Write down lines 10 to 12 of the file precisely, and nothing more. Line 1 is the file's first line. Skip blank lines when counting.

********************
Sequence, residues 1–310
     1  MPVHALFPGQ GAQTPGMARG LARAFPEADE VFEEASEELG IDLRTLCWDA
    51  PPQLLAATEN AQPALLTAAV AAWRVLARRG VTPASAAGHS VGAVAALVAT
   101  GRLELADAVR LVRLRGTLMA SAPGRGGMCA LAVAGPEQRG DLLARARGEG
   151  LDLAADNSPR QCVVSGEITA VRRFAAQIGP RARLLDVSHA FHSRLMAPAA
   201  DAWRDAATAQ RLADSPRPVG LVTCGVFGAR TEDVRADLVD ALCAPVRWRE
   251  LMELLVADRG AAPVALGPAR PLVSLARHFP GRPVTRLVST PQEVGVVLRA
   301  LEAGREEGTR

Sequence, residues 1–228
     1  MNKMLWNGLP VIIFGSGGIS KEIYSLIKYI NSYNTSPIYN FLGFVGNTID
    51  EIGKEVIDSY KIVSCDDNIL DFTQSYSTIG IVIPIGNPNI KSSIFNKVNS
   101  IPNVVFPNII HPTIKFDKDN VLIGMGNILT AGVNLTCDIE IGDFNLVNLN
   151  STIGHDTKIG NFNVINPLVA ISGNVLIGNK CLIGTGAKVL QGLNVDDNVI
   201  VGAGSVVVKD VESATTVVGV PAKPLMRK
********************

     1  MNKMLWNGLP VIIFGSGGIS KEIYSLIKYI NSYNTSPIYN FLGFVGNTID
    51  EIGKEVIDSY KIVSCDDNIL DFTQSYSTIG IVIPIGNPNI KSSIFNKVNS
   101  IPNVVFPNII HPTIKFDKDN VLIGMGNILT AGVNLTCDIE IGDFNLVNLN